• New research has found New Zealand’s residential property sector is exposed to significant river flood risk with implications for homeowners, lenders, insurers and property professionals. While the research focused on risk and damage through river flooding, the increasing occurrence of adverse weather events is poised to add layers of complexity to the purchasing process for properties in certain coastal, riverside or flood-prone areas. Bayleys expects this will increase the cost of compliance for development, with the potential of fewer homes in these areas. However, fewer planned properties may also have an upward impact on property values, with scarcity adding an element of competition as Kiwis continue their love affair with waterside homes.
• Independent economist Bernard Hickey has told 1 News there are few Kiwis that need to worry about negative equity, and he expects residential values across markets like Auckland and Wellington will primarily rebound next year. Citing a resilient financial system that now has twice as much equity in reserve as they did circa the Global Financial Crisis (GFC), increasing migration, and fixed mortgage rates which have recently stopped rising; there remain several influential factors that are encouraging Kiwis to transact.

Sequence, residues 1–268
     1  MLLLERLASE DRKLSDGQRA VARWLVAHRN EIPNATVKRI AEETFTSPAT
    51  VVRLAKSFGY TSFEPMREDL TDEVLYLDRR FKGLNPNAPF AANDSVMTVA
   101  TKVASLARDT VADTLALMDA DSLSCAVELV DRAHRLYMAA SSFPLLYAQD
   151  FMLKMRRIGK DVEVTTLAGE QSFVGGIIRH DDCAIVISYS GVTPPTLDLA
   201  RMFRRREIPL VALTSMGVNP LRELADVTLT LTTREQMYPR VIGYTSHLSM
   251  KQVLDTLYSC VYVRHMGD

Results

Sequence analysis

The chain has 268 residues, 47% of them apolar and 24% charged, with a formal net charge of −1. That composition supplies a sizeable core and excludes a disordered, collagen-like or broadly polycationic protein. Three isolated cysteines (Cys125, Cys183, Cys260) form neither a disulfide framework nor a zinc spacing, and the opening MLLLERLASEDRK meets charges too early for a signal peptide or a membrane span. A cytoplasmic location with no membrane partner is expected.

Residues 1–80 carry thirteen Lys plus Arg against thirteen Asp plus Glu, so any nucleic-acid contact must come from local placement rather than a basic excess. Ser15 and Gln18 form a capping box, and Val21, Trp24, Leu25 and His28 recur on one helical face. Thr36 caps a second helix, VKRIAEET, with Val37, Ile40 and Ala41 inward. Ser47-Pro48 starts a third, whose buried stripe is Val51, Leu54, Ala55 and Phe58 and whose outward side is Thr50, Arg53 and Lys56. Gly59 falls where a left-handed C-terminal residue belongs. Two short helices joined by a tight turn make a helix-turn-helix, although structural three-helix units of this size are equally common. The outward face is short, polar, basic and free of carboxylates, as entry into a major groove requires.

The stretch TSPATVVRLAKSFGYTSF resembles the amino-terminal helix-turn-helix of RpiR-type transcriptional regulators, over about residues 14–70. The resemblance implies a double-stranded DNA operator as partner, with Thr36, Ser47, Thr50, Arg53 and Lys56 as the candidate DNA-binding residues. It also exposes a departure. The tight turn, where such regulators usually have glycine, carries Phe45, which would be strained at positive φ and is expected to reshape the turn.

• Over the past month, New Zealand’s big four banks (ANZ, ASB, BNZ and Westpac) have all cut some of their fixed mortgage lending rates. Wholesale cost of funding reductions originating from growth fears in America and Europe mean banks in New Zealand are responding by passing reductions to customers through retail rates. While this may encourage some house hunters to transact, the RBNZ will likely be keeping a close watch on movements across mortgage lending rates, with continued cuts likely to spur more drastic inflation control from the central bank.